Established in 1989, the TTCSP aims to acknowledge the important contributions and emerging global trends of think tanks worldwide. Often referred to as the think tanks think tank, the program maintains a database and network of more than 6,600 think tanks in 182 countries.

In a world filled with tweets and sound bites that are often superficial and politically charged, said James McGann, director of the TTCSP. It is critical to know where to turn for sound policy proposals that address our complex policy issues. This independent Index is designed to help identify and recognize the leading centers of excellence in public policy research around the world.

Author:
Date: February 03, 2015
Source: Manila Bulletin

The Philippine Institute for Development Studies was named as the top think tank in Southeast Asia and one of the best in the world by the Think Tanks and Civil Societies Program of the University of Pennsylvania.

The Think Tanks and Civil Societies Program recognized PIDS in the 2013 Global Go Think Tank Report, a comprehensive ranking of the world`s top think tanks that acknowledges the important contributions and emerging global trends of think tanks worldwide.

It said for 2013, 6,826 think tanks from 182 countries were evaluated. PIDS was ranked 37th among the top 50 social policy think tanks in the world, surpassing the Institute of Southeast Asian Studies in Singapore that was ranked 41st.

PIDS also managed to improve its position from 40th place in the 2012 report.

PIDS and ISEAS were the only Asean think tanks included in the world ranking of top social policy think tanks. PIDS was ranked 70th among 80 top international development think tanks, moving up from its ranking of 79th place in the 2012 report.

PIDS is a state-funded think tank devoted to independent research and innovative policy solutions. Since its establishment in 1977, it has been engaged in conducting long-term, policy-oriented studies to assist policymakers and planners in crafting development plans and programs that are based on sound research evidence.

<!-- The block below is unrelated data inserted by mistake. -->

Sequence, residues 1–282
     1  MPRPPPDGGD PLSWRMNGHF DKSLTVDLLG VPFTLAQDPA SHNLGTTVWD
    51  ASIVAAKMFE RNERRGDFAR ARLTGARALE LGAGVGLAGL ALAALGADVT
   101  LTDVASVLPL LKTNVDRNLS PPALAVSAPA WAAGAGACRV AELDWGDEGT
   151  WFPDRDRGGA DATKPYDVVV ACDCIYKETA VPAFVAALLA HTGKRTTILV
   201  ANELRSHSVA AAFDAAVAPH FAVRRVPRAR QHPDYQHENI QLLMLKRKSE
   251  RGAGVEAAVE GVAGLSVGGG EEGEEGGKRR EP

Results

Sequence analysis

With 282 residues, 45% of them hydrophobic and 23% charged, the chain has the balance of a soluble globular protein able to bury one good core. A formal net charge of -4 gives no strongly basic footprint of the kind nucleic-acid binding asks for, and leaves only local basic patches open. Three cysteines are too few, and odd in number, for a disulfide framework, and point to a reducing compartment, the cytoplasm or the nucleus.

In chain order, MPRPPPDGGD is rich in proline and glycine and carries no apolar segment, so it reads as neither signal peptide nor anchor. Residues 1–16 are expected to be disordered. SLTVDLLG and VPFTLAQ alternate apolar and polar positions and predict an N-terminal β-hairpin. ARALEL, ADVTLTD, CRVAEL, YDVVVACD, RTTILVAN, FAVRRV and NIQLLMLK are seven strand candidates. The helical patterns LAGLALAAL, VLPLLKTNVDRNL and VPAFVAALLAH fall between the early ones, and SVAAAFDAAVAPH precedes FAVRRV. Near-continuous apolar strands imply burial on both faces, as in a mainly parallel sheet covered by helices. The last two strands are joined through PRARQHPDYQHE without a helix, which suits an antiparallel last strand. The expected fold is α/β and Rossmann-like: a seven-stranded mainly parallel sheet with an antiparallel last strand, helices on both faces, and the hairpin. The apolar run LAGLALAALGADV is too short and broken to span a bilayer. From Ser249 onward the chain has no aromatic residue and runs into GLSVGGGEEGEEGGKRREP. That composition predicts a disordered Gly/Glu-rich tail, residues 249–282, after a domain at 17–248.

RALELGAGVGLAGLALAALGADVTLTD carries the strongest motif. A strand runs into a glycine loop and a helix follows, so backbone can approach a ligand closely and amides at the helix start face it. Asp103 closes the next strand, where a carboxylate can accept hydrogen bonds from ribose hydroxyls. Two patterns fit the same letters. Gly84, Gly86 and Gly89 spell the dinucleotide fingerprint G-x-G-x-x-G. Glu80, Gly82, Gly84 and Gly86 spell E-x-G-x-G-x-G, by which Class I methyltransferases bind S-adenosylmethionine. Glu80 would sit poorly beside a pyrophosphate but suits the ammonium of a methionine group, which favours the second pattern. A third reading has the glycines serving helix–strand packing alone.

PIDS said it has completed more than 800 studies that encompass a wide range of development issues such as trade, competition policy, housing and urban development, demography, poverty, agriculture, environment, public finance, information and communication technology, education, health economics and others.

Author:
Date: February 03, 2015
Source: Manila Standard Today

CLOGGED ROADS have always been a part of the daily life of an ordinary Filipino citizen residing in Metro Manila. Commuters struggle as the morning rush brings intense traffic in the busy streets and avenues. Among the variety of transport modes available -- private vehicles, MRT, LRT, taxis, and utility vehicles -- a significant number of commuters still opt for buses.


To meet the demand for this critical service, numerous operators deploy a horde of buses; there are currently 12,595 buses operating within Metro Manila, or from the province to Metro Manila; these are dispersed over 1,122 operators. The sheer volume of vehicles and bus trips ironically ends up hurting everybody. Commuters spend too much time making their trips; bus companies themselves spend a lot for fuel and wear on their vehicles; drivers and conductors work long hours to meet their boundary or fixed fee to the operator; society suffers from heavily polluted air.

Cognizant of the congestion problem, the government imposed a moratorium on the issuance of franchises for provincial buses in 2000, and a nationwide moratorium on all new buses and new franchises in 2003. Implementation, however, is a different matter; bus operators interviewed for the study claim that new franchises can be obtained, especially if they are willing to pay a stiff fixers fee of P150,000 per unit.